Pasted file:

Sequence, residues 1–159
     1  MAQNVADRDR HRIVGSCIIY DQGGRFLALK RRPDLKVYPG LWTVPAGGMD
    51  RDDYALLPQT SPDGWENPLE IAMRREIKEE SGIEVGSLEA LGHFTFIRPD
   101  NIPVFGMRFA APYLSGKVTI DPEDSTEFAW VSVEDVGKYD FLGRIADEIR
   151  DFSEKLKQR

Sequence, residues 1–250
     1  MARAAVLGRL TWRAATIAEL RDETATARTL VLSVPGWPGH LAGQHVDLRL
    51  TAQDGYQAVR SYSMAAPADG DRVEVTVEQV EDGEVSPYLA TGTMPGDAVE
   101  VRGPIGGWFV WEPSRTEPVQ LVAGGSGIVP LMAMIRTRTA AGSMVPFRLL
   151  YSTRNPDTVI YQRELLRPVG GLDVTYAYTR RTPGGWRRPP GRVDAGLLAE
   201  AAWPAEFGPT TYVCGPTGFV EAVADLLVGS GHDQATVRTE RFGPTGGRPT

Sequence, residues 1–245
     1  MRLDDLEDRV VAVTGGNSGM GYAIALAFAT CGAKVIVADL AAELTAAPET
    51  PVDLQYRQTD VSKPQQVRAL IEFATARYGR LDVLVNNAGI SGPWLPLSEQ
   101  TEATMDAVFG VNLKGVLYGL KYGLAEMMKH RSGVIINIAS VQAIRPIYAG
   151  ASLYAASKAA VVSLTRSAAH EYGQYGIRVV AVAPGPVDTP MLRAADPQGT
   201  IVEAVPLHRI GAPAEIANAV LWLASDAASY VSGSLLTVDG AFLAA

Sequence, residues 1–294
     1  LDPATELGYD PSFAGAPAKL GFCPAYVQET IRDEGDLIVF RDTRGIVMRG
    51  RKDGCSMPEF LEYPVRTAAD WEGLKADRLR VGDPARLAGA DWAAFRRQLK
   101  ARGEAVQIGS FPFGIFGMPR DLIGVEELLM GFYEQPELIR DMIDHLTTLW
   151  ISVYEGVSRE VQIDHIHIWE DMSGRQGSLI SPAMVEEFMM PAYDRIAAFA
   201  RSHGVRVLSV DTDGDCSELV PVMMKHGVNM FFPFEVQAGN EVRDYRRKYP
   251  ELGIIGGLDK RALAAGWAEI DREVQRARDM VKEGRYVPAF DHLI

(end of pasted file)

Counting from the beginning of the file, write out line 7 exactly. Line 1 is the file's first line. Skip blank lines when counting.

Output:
     1  MARAAVLGRL TWRAATIAEL RDETATARTL VLSVPGWPGH LAGQHVDLRL